Another rhino lost in Kenya

OL JOGI CONSERVANCY SUFFERS RHINO LOSS

(Posted 22nd March 2014)

It was learned overnight that one more rhino was shot and killed while another was shot and injured earlier in the week in the north of Laikipia County. The prompt response by rangers and Ol Jogi conservancy (www.oljogi.org) wardens and staff seemingly prevented the poachers from cutting off the horns of the rhino and it is understood that a combined taskforce comprising KWS rangers and other security personnel are in pursuit of the gang, though no arrests have been made at the time of uploading this report.

The 7 pm incident on Tuesday made it difficult for the rangers and other security personnel to pursue the poachers though and they reportedly had to wait until the next morning before commencing their pursuit, using sniffer dogs. A regular source from Nairobi had this to say: ‘Those pursuing poachers in the field should have night vision goggles, should have the benefit of aerial surveillance equipment like UAV’s and should be able to call upon an airborne intervention force to deploy at short notice. Such facilitation would allow hot pursuit even at night and make setting traps and ambushes possible because once airlifted to the scene additional personnel can be deployed into the path of the poachers as they run away’.

From this latest rhino killing it is clear that the government’s resource allocation to equip and enable law enforcement to effectively combat the poaching tsunami is entirely inadequate. Presently responses are largely reactive rather than proactive in many ways for lack of resources like equipment and trained manpower. It is an open secret that only by taking the fight to the poachers can the tide be stemmed. Surveillance and intelligence gathering must be stepped up and a new command structure be established bringing several law enforcement components under one roof.

In response to a clearly challenged conservation fraternity, following events at a press conference at the Nairobi Serena earlier this week, did a tourism stakeholder make his views known: ‘Tourism marketing is under facilitated for the past few years already. When Balala left our hope for tourism to become the biggest industry in Kenya left with him. We all know what should have been done and when but the funds were never given. Even now we have a tourism advisory board or council which is basically formulating what the industry has known for a while. The question is will our government listen to them because they did not listen for the past one year. This turns out to be a double whammy now, lack of resources for tourism marketing, and a whole range of other issues which need sorting out in that sector, and now the growing loss of wildlife which is our biggest crowd puller. A lot of tourists come for safaris to Kenya and if our rhinos and elephant numbers drastically go down, you think they will come just for our landscapes? Our government must wake up, they have treated tourism like an unwanted step child and the way they are dealing with poaching is little different. If tourism goes down, a lot of jobs will be lost and therefore, I agree with you that action must be taken now. Some of those people should stop fighting you over what you write because you normally hit the nail right on the head’.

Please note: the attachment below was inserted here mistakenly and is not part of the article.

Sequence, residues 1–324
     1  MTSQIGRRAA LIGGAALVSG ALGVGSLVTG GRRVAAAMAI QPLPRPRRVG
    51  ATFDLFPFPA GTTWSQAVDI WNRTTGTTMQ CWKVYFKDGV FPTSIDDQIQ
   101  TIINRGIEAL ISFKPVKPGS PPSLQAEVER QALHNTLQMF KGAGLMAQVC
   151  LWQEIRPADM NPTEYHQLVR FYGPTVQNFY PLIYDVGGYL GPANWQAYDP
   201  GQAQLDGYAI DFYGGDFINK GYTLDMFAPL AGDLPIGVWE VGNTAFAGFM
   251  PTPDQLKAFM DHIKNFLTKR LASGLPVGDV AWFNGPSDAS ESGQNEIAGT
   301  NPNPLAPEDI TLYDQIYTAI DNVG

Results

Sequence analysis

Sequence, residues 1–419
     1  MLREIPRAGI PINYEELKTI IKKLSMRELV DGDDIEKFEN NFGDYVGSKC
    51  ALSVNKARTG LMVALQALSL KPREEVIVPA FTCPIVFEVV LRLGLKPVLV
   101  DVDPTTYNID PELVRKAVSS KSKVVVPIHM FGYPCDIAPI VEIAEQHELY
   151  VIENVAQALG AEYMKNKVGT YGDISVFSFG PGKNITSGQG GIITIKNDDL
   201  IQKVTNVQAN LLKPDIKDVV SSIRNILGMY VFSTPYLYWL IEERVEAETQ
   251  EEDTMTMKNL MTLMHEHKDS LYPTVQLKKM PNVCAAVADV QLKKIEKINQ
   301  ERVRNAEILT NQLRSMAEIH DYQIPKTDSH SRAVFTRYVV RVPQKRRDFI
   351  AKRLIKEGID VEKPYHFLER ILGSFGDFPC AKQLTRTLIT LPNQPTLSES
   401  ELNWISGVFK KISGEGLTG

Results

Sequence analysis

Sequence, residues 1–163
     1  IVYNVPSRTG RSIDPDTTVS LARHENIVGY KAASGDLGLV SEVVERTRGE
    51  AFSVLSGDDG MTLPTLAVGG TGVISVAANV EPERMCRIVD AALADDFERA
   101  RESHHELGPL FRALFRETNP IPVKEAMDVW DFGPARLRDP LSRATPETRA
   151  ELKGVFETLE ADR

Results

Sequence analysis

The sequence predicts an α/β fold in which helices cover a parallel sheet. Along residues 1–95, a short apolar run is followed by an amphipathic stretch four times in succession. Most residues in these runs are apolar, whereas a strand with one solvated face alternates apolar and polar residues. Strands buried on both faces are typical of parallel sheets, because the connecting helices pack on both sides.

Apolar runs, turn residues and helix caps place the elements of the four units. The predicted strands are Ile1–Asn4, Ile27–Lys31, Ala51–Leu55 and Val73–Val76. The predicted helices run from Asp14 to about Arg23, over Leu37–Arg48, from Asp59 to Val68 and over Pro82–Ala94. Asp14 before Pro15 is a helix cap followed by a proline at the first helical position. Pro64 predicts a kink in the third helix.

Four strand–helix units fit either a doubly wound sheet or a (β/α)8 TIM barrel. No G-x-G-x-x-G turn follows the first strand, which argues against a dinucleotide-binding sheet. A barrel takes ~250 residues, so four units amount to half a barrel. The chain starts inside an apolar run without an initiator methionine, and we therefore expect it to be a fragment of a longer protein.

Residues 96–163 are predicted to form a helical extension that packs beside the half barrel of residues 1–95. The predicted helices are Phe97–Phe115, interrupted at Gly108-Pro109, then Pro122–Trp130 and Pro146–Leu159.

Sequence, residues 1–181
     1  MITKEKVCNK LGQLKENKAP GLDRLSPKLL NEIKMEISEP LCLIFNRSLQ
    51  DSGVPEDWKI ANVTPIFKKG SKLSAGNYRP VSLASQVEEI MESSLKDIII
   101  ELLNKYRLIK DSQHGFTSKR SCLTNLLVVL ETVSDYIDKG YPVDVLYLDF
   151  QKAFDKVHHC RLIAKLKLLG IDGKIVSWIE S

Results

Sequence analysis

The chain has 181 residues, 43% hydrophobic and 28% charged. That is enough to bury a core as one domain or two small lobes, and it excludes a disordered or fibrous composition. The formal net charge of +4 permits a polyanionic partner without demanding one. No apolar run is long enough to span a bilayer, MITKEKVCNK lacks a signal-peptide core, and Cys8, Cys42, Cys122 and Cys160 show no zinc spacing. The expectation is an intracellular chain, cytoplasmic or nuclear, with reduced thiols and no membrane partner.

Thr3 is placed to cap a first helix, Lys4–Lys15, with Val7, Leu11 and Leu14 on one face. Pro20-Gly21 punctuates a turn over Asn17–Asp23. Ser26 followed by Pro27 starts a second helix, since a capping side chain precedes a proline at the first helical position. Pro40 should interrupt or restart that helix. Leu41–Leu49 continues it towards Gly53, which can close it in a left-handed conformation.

What is true is that rhino poaching has accelerated in recent months and is often carried out with such impunity that complicity of enforcement and protection personnel can no longer be ruled out, just the same way how over the past four years rhino poaching in Southern Africa has cost thousands of rhinos their lives while the authorities stood by and watched from the sidelines. This suggests that those involved in and behind the slaughter are well connected and have protection. The same trend emerged in Tanzania over the past years, where – like with the rhinos in Southern Africa – the elephant population has been under siege and under assault, with tens of thousands of elephant being slaughtered and as their government by and large also just stood by and did little or nothing until very recently.

It is time for the conservation fraternity to unite and speak with one voice across Eastern and Southern Africa and have the respective governments redirect resources to combat the poaching gangs before it is too late. When the last elephants and rhinos are gone, future generations will rightly blame the present generation for such failures to preserve our wildlife heritage. It is up to us now to stand up and be counted, do the right thing and speak up, whether some like it or not. Let the truth prevail.

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